Sunak 1) The Prime Minister is to a unveil ‘blueprint’ to tackle the crisis in UK hospitals, in the first major speech of his premiership

“Rishi Sunak will tomorrow take personal charge of tackling the NHS crisis. The Prime Minister will use the first major speech of his premiership to acknowledge the unprecedented scale of the pressures facing hospitals – and invite the public to judge him on his response. Mr Sunak will set out his broad approach to resolving the pressure on the health service, including a renewed focus on tackling the delayed discharges clogging up hospital beds. He will pledge to bring forward an ‘urgent care recovery plan’ later this month, coupled with a recovery plan for primary care to improve access to GPs. Tomorrow’s speech will see him detail his strategy for dealing with major challenges, including industrial strife crippling public services and rampant inflation.” – The Daily Mail

  • The speech was unexpectedly brought forward, ahead of a speech by Starmer on Thursday – The Daily Telegraph
  • What Sunak must do to reconnect with Tory voters – Stephen Pollard, Daily Express
  • 2023 brings more political pain for Sunak’s government – Stephen Bush, The Financial Times

Sunak 2) He plans ‘compulsory maths until 18’ for every schoolchild

“All children will have to study mathematics until they are 18 under Rishi Sunak’s plans to reimagine the education system. The prime minister will make the policy his personal mission today as he attempts to seize control of the political agenda with the first big speech since his inaugural address outside No 10 in October. Sunak will outline his priorities for 2023 and chart a course towards “a better future for Britain”, Downing Street said. But the prime minister’s attempt to strike an optimistic tone comes as he is buffeted by severe difficulties. The government said yesterday it was “confident” that the NHS had the money it needed, even as it admitted the service was grappling with an “unprecedented challenge”.” – The Times

  • He aims to tackle high rates of innumeracy on the UK – The Daily Mail
  • Everything we know so far about the threatened teachers’ strike as parents face not being able to send kids to school – The Sun

Sunak 3) ‘Don’t ditch my childcare reforms’, Truss ‘tells’ her successor

“Liz Truss has warned Rishi Sunak not to scrap her childcare reforms amid growing frustration from Tory MPs over the “unaffordable” costs facing parents. During her short time in No 10, the former prime minister fast-tracked plans to help parents struggling with childcare as part of her solution to fix the acute labour crisis gripping the country. Sunak has ditched her proposals to scrap mandatory staff-child ratios in nurseries. He is also reviewing Truss’s plans to extend free childcare support for toddlers to 50 hours a week. Supporters of Truss, including Simon Clarke, the former levelling up secretary, are among those who have publicly criticised Sunak’s plans. Truss herself is understood to disapprove of the prime minister’s reluctance to embrace significant reform.” – The Times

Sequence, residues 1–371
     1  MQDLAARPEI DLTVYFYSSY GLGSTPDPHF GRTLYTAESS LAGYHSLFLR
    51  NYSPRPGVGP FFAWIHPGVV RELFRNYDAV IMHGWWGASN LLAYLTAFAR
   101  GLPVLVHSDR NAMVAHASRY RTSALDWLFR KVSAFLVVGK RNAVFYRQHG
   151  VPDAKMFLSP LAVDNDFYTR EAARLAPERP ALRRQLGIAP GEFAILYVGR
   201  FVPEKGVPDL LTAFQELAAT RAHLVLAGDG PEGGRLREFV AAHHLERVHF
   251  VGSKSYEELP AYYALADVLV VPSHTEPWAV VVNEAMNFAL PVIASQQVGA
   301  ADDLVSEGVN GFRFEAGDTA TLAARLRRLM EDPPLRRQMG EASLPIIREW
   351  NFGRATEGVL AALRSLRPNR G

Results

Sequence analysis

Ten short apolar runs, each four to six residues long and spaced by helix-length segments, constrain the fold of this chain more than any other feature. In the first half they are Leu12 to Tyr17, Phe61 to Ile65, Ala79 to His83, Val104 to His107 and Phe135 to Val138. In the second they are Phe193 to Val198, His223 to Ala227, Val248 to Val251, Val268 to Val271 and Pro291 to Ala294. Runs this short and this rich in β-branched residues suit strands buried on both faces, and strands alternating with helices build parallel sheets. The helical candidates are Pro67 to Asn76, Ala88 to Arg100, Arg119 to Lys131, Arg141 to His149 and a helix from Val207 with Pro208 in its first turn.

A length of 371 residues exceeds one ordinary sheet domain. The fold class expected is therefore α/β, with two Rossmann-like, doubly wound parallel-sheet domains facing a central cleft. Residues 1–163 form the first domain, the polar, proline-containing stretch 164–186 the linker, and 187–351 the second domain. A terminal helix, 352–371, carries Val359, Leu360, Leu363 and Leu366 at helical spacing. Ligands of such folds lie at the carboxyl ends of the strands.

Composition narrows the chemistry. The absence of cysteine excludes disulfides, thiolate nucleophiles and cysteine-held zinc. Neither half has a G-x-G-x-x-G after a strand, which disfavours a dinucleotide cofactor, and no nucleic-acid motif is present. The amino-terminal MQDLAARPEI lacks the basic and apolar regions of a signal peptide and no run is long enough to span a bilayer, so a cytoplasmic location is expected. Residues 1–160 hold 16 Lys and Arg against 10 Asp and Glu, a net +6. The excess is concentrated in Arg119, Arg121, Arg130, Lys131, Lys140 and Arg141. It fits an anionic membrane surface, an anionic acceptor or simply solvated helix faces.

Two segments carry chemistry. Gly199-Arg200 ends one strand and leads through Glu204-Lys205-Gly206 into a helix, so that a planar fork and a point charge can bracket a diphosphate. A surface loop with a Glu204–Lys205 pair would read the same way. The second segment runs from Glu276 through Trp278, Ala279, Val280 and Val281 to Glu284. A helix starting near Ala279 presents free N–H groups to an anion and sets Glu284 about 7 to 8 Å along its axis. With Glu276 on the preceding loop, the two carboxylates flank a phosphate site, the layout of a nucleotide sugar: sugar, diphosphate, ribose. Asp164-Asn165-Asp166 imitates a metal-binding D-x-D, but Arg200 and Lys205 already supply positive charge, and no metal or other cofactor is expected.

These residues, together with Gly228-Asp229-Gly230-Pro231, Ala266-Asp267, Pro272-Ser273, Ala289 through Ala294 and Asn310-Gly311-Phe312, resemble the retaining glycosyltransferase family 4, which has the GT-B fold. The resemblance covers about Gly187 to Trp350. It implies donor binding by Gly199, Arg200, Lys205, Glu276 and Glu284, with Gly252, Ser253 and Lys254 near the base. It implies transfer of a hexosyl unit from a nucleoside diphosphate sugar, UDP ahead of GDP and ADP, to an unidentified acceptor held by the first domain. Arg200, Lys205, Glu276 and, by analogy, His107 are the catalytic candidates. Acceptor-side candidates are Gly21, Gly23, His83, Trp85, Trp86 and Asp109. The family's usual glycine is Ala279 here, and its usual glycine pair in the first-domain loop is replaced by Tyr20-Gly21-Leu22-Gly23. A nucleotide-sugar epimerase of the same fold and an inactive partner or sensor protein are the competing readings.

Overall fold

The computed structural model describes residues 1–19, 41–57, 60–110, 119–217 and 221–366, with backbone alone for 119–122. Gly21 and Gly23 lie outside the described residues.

• The proposals were fast-tracked during her brief stint in Downing Street – The Daily Mail
  • ‘Senior backbenchers’ warn ‘watering down help for parents’ would ‘cost the party votes’ at the next election – The Daily Telegraph
  • Sunak’s childcare U-turn points to a lack of political nous – and makes me miss Truss – Alys Denby, The I


Sunak 4) He drops Truss-era plans for ‘war on Whitehall red tape’

“Rishi Sunak has dropped plans to rein in Whitehall bureaucracy by setting Government departments “red tape budgets’’. Ministers would have been handed binding annual targets limiting the total regulatory cost they could impose on businesses. The proposals were part of efforts under Liz Truss to ease the burden on the economy from civil servants’ excessive lawmaking. But they will not be taken forward by Mr Sunak…Jacob Rees-Mogg, the former business secretary, drew up detailed plans for putting the new system into action. An annual review would have set each department a ceiling for the overall cost of regulation it could impose…They could have chosen how to “spend” their red tape budget but would have faced sanctions for exceeding it.” – The Daily Telegraph

Sunak 5) The Prime Minister is warned an ‘infinite’ number of other migrants are ‘ready to replace Albanians’

“Stopping Albanians crossing the Channel will not solve the small-boats crisis because there is an “infinite” number of migrants from other countries hoping to reach Britain, ministers have conceded. The scale of the problem has persuaded even those in government who were originally sceptical of the plan to send asylum seekers to Rwanda that it is necessary to do something “big and bold” to make Britain “a less attractive destination”. One source said: “There are simply too many pull factors at the moment.” Rishi Sunak has staked much of his political future on stopping the small boats, with legislation to be announced early this year effectively barring anyone crossing the Channel illegally from being allowed to stay in Britain.” – The Times

  • Border Force strikes could be extended to Dover and other ports – The Guardian